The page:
By Evan Ackerman
I am starting to seriously hate eStarling. It used to be that I only disliked them for the initially crappy, and then finally slightly less crappy version of their brilliant (brilliant if it would only work) WiFi digital picture frame. To bring you up to date, the concept of the eStarling frame is that you can send pictures to it from anywhere via a built-in WiFi connection and an online interface that checks email accounts and RSS feeds for pictures. Version one of the frame was butt ugly, couldn’t connect to any wireless networks over 10 inches away, froze all the time, and had a terrible, terrible screen. ThinkGeek nicely replaced all version one frames with version two frames, which are less ugly, can connect to wireless networks (sometimes), and have a terrible, terrible screen. I reviewed this frame back in May in a two part review, of which the second part never got written, since the frame wouldn’t play nice with my unsecured wireless network no matter what I tried.
Regardless of the software problems that the eStarling has, the most glaring flaw is the hardware. Have I mentioned that the 7 inch, 16:9 (!), 480×270 (!!) widescreen is not only a terrible proportion, but it’s also terrible quality? I can’t stress the terrible enough. Seriously, for the premium you pay ($220), it’s fantastically terrible. And now that eStarling has apparently gotten enough schmucks like me to buy their crappy versions, they’ve released something that looks to have a quality display: an honest-to-goodness, 4:3 800×600 WiFi frame.
More ranting, and specs on the new frame and latest software, after the jump.
To be fair, my version of the frame (the 16:9 version) includes online software to automatically crop or resize pictures that you send to the frame. But also to be fair, I take a little bit of pride in my pictures, and resizing them to 16:9 ruins their composition, at least to the extent that it’s not possible for me to allow a piece of software just haphazardly shrink them. No, I feel obligated to open each picture I send to the frame in Photoshop first, and manually recompose it. This, to put it mildly, is a huge pain in the ass. There is really no good reason to use a 16:9 format for pictures, but the concept of the eStarling frame is so cool that people like me were suckered into it anyway, and now eStarling is punishing us by coming out with a frame that is actually capable of displaying the pictures we take in full. Here is what else it can do:
* Photobucket Integration: Millions of users who have stored their photos with Photobucket can send photos directly from their Photobucket accounts to eStarling.
* Immediate Direct Photo Emailing to Frame: Each frame has its own unique email address so that photos can be received from computers or mobile phones. A built-in email filter protects against unwanted photos. No setup is required for senders to send photos to the frame.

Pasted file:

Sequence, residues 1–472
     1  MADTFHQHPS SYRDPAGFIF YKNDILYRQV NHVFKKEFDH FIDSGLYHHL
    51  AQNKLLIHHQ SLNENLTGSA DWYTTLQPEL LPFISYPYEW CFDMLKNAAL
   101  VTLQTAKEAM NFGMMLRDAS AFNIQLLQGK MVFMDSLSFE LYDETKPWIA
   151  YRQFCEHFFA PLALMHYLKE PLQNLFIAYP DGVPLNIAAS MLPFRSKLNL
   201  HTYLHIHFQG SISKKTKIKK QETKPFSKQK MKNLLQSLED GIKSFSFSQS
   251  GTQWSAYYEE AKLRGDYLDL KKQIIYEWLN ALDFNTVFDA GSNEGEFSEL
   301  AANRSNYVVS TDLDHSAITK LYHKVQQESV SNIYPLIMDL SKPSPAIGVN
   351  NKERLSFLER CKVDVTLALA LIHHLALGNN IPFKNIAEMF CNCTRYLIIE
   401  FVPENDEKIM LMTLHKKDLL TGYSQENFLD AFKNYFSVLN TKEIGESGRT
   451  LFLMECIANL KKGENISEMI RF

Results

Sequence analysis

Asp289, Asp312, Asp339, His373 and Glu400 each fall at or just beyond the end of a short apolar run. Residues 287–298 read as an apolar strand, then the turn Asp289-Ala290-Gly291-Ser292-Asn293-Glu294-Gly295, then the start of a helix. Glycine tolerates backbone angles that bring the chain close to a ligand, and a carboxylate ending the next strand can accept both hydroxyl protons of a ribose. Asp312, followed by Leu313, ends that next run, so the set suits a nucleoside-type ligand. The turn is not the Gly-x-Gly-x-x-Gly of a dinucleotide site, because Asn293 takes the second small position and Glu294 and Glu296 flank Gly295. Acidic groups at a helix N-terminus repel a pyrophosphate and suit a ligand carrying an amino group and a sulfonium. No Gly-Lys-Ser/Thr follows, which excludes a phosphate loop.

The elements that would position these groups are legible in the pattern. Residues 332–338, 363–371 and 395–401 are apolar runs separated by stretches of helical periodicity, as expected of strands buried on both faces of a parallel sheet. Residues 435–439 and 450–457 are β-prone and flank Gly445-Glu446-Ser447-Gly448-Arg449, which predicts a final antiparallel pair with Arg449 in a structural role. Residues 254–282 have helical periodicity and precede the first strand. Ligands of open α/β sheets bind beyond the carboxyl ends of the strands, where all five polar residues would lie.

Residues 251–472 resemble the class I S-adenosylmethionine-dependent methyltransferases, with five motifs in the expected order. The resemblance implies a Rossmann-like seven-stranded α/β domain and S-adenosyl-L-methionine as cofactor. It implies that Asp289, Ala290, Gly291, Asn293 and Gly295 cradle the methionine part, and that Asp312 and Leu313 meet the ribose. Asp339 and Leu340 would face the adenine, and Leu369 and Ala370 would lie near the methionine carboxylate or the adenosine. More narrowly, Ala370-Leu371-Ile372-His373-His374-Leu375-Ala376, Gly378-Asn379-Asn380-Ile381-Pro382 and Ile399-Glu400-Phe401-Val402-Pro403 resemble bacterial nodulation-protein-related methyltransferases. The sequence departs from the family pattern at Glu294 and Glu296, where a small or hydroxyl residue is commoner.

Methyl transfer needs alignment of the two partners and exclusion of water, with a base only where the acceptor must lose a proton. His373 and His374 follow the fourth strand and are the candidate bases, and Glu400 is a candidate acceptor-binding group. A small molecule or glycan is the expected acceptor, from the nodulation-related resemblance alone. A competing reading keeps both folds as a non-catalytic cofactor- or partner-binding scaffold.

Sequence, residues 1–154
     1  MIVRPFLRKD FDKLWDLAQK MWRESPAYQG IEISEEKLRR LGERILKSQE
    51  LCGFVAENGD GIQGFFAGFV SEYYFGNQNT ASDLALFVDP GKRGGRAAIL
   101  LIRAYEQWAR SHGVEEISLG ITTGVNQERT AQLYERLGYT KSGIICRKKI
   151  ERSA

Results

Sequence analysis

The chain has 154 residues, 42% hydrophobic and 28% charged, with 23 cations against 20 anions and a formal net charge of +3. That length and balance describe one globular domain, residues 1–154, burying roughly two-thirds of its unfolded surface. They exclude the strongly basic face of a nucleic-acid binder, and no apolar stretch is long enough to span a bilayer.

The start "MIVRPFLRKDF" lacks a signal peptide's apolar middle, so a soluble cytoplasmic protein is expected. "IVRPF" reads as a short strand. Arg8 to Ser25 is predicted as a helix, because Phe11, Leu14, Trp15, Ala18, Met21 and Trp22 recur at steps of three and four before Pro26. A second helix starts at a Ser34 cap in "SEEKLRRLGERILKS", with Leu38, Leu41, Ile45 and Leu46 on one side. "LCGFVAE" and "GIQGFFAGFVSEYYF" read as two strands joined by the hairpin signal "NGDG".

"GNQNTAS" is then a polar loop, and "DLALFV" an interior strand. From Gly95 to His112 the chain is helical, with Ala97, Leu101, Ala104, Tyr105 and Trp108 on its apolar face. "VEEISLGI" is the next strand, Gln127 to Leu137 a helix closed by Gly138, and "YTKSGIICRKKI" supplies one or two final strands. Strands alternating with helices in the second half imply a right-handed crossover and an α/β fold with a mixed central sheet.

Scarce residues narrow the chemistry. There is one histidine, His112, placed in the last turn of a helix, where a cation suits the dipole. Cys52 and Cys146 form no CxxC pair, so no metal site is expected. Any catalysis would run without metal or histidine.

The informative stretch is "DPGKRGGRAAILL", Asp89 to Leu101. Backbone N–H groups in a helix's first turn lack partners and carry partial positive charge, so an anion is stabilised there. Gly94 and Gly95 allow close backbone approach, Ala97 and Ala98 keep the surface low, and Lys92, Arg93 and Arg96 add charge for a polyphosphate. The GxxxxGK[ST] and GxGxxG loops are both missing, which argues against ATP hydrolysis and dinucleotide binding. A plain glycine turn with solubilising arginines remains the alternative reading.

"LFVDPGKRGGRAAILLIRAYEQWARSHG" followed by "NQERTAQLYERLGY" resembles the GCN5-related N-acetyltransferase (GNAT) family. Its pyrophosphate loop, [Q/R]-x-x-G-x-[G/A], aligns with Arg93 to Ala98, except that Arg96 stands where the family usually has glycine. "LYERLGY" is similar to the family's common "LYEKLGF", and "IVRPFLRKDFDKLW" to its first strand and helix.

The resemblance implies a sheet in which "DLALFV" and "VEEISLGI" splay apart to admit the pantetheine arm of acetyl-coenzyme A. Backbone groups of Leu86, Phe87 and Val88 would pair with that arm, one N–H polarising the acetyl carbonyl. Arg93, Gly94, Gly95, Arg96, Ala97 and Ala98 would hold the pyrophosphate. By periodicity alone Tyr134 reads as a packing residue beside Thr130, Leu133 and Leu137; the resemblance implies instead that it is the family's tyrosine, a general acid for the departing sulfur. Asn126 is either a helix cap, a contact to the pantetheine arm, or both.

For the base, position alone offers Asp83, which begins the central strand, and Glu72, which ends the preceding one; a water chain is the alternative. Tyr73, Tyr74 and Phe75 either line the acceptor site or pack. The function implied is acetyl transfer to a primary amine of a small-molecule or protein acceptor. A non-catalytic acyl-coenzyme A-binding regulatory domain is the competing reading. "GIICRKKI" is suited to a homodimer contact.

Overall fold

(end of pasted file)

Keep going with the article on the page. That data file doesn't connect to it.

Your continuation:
* Group Frames: Users can set up a single email address that corresponds to multiple frames so that photos can be easily shared and displayed on those frames.
* RSS Support: The eStarling frame supports all major RSS photo feeds now including Flickr, Picasa, Photobucket, AOL, Smugmug, iPhoto, Gallery, etc. (More coming soon.)
* Email-to-Frame / Web-to-Frame Messaging: Short messages can be sent directly to eStarling frames from user’s Seeframe Live account and allowed email accounts and cell phones.
* Community Photo RSS: The eStarling frame supports all major RSS photo feeds, including Flickr, Picasa, Photobucket, AOL, Smugmug, iPhoto, Gallery, and more. Users can recommend and share their favorite RSS photo feed among the eStarling community.
* Smart Photo Play List: Users can choose photos to be displayed on an eStarling frame on specified dates, such as displaying selected photos on a user’s birthday or anniversary.
* Email Photos from Frame: A one-touch button allows users to send photos directly from their frames to a Web account and the email accounts of their family and friends.
* Text Messaging to Frame: Short messages can be sent directly to eStarling frames from a user’s Seeframe Live account, or from authorized email accounts and cell phones.
* Dual Use Mode: If no Wi-Fi connection is available, the eStarling frame can operate as a stand-alone digital photo frame.
* Auto Power Saving: The eStarling frame can be programmed to turn-off automatically at night in order to save power and protect the screen.
It really really irks me that I have to keep coming back to this simple fact: the concept of the eStarling is great, and if you can deal with the temperamental software, I would definitely recommend getting one of these frames now that the size and quality no longer suck. The good, 4:3 version is available in white or black for $259 with free shipping direct from eStarling. Now, if they would only man up, admit that their first few versions were lousy, and institute some sort of trade-in program, I could start respecting them again.